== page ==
The remaining slaughter is carried out outside slaughterhouses by unskilled personnel. This results in irregular shape and knife cuts in hides which reduce the value of the leather. About 20% of raw materials are damaged due to lack of knowledge of preservation techniques. Delays in collection from rural areas to reaching the tanneries for processing exacerbates this problem.

Extortion and smuggling caused a rapid decline in the tanning sector in Chittagong, where the number of tanneries has fallen to 18. According to Tipu Sultan, chairman of BFLLFEA, within the next three months, the government will declare a leather policy designed to strengthen the industry and enable it to survive the tough competition from India and Pakistan.

A ban on exports of wet-blue has been in place for over a decade in Bangladesh, paving the way for the development of an industry focused on adding value. Although a number of export orientated businesses have gradually been established across the country, industrialists believe that this development is impeded by a lack of hides and skins.

The prime minister has stated that government policy has given priority to small, medium and cottage industries as well as export-orientated and import substituting industries. She urged the entrepreneurs of this sector to concentrate on enhancing the quality of products and broadening the range of design offered. Incentives have been provided for foreign investment.

A further measure suggested by the prime minister discouraged the establishment of offices, hospitals, clinics, educational institutions and commercial ventures in residential areas of those cities violating environmental rules and regulations. This measure would encourage protection of the environment and contribute to the controlled development of cities.

Export earnings

Hides are an important resource in Bangladesh, representing the country’s third largest foreign exchange earner. Reports vary widely on the amount of export revenue the leather industry generates. In 1973-74 exports totalled Tk1,140 million. The figure is now estimated to have grown to between US$210-320 million. 70% of exports are in the form of crust leather, 20% finished leather and 5% leather manufactured goods, totalling a volume of 20 million sq ft.

Leather is exported mostly to European countries such as Italy, Germany, France and Romania. Japan, China and Hong Kong are the major buyers in Asia. Industrialists believe that with the necessary infrastructural developments this figure could be increased by up to four fold.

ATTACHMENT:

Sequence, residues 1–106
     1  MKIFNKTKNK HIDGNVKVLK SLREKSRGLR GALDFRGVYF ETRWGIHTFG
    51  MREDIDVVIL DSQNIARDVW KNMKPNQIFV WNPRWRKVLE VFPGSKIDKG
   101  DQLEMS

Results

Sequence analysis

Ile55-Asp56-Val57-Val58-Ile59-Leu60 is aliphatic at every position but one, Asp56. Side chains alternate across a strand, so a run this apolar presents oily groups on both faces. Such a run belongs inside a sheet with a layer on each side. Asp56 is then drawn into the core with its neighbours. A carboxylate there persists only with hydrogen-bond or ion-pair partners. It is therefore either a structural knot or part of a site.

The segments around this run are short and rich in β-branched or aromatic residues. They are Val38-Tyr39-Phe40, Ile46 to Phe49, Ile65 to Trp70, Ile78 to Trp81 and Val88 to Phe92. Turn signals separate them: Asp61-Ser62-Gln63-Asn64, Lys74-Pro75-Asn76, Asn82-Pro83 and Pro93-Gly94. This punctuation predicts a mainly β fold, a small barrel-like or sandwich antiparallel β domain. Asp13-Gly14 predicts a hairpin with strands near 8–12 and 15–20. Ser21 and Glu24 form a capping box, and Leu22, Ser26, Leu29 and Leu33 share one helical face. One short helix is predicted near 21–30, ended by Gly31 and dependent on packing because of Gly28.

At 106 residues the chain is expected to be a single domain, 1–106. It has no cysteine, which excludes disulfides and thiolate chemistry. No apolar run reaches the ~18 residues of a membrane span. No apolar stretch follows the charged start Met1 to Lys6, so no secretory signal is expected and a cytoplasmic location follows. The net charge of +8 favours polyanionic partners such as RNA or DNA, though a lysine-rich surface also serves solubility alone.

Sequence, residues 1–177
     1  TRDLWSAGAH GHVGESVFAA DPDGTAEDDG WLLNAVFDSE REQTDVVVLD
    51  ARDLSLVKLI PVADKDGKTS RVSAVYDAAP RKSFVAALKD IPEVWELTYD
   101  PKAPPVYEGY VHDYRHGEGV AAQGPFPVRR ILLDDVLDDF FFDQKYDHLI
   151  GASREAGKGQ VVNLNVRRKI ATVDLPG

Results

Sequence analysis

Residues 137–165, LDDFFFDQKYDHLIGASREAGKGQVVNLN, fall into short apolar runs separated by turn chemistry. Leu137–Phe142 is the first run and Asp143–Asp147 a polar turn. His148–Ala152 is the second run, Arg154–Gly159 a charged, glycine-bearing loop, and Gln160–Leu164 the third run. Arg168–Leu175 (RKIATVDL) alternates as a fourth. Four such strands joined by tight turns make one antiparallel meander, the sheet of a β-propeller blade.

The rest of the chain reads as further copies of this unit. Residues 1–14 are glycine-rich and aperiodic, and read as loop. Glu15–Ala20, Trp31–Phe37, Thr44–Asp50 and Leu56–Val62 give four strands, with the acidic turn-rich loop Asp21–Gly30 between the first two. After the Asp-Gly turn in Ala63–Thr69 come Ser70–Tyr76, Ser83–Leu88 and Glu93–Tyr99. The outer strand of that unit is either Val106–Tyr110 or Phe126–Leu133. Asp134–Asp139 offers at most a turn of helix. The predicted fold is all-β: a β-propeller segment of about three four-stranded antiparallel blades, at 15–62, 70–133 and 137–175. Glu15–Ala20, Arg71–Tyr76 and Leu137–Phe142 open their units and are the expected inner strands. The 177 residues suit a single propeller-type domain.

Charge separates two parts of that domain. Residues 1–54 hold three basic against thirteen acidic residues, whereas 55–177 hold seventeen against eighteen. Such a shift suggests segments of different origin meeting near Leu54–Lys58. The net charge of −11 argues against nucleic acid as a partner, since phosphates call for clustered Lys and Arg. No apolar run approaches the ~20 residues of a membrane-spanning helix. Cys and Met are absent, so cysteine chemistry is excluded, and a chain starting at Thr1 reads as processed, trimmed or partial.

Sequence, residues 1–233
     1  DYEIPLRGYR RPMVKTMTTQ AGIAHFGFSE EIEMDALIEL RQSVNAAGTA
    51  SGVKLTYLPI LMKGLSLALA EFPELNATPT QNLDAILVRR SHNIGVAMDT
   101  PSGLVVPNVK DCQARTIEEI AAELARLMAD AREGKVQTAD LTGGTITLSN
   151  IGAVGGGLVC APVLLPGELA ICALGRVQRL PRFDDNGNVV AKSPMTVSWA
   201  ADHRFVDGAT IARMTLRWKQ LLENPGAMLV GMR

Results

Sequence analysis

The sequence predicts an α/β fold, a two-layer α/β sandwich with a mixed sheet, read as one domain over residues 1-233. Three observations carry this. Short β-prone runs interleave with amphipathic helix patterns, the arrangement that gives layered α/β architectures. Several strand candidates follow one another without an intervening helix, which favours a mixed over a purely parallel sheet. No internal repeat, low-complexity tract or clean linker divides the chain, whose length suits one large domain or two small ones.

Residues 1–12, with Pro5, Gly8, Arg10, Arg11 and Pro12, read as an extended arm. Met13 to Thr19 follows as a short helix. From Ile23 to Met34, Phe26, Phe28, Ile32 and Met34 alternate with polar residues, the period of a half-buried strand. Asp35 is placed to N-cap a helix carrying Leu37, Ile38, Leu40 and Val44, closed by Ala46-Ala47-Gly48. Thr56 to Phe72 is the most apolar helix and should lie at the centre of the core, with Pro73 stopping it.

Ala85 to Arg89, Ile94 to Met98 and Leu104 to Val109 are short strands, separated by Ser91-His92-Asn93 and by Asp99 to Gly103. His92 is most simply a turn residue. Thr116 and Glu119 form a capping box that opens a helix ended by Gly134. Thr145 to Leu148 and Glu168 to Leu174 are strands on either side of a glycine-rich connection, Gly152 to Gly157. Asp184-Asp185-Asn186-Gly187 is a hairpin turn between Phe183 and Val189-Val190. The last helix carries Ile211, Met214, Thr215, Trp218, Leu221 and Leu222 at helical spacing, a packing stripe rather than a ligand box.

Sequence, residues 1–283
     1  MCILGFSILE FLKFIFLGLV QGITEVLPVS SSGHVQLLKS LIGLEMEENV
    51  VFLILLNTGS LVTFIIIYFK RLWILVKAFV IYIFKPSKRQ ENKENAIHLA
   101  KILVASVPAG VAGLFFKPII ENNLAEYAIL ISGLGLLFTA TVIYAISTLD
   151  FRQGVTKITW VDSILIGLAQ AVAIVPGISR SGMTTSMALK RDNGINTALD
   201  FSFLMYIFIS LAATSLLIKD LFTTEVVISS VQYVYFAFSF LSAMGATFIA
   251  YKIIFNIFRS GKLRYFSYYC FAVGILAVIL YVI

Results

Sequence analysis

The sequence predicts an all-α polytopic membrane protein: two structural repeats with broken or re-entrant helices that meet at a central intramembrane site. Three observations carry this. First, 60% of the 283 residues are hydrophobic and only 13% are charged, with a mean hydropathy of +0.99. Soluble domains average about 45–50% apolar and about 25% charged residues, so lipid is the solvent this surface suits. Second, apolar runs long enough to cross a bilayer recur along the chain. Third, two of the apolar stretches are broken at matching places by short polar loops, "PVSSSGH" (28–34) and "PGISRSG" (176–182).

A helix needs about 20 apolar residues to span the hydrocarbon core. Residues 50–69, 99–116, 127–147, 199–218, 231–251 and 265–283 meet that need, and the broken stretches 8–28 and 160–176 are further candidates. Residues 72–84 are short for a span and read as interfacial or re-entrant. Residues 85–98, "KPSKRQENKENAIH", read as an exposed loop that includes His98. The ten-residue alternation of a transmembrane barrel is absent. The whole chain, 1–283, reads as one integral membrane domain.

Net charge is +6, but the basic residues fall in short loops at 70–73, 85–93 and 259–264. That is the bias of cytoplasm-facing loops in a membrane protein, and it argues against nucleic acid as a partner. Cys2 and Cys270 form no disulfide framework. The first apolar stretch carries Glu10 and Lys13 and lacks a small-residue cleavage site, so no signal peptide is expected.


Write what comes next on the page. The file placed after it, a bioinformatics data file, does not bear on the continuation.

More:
Tanneries depend on imported equipment and chemicals which implies large import levies. Available capital is vital to maintain this supply.

Short term solutions

* Closure of the border with India until all the hides have been collected by tanneries in Dhaka or other processing centres within Bangladesh

* Better financing/funding to tanners and traders which would enable them to buy the stockpiled skins quickly.

* The government should establish measures to penalise tanners and traders who join cartels to keep prices low

* A task force should be set up to preserve raw hides in all the collection centres under the supervision of the Upazila Nirbahi officers and members of local Parishads.

In the longer term, tanneries could be set up in advantageous locations in the bordering areas and a comprehensive marketing system introduced for buying and selling hides which would, therefore, avoid stockpiling in the larger cities. The establishment of special training institutes on leather technology would create a source of skilled labour.

The various reports circulating differ greatly in their view of the current state of the industry. One states that tanners have had a good 2004 and expects a surge in the exports of leathergoods and finished leather products. Reports say that good weather conditions, improved law and order and availability of hides have enabled tanners to buy a large volume of hides. However, prices of leather chemicals have risen by 25% on the international market while local salt prices rose by a third, meaning smaller than expected profits.

According to Jalal Uddin Ahmed, assistant general manager, BSCIC, Dhaka, the Bangladesh leather industry suffers from a lack of quality control and marketing procedure. There is little innovation, minimal risk taking and potential new markets are not being explored. A dedicated professional marketing organisation is necessary.

Existing public bodies such as the Export Promotion Bureau, Board of Investment, Customs, and the Leather College are doing their best. The International Trade Centre (ITC) is currently investigating the possibility of setting up a footwear design and development centre in Bangladesh.

The Leather Sector Business Promotion Council was formed as part of the commerce ministry. Properly managed, this would assist tanners in increasing their competitivity in the international market. Ahmed echoed the prime minister’s call for the sector to work together to develop existing infrastructure and assist each other in purchasing, production and marketing. Ahmed believes that factors holding the Bangladesh leather industry back include: poor industrial infrastructure, back dated management practice, inadequate marketing and technological drawbacks. His suggestions include:

* Setting up a central effluent treatment plant for each tannery city

* Tanneries should strive to attain optimum quality to achieve TQM Total Quality Management leading to ISO standardisation

* Improve quality and quantity of output through transfer of technology and development

* Product diversification.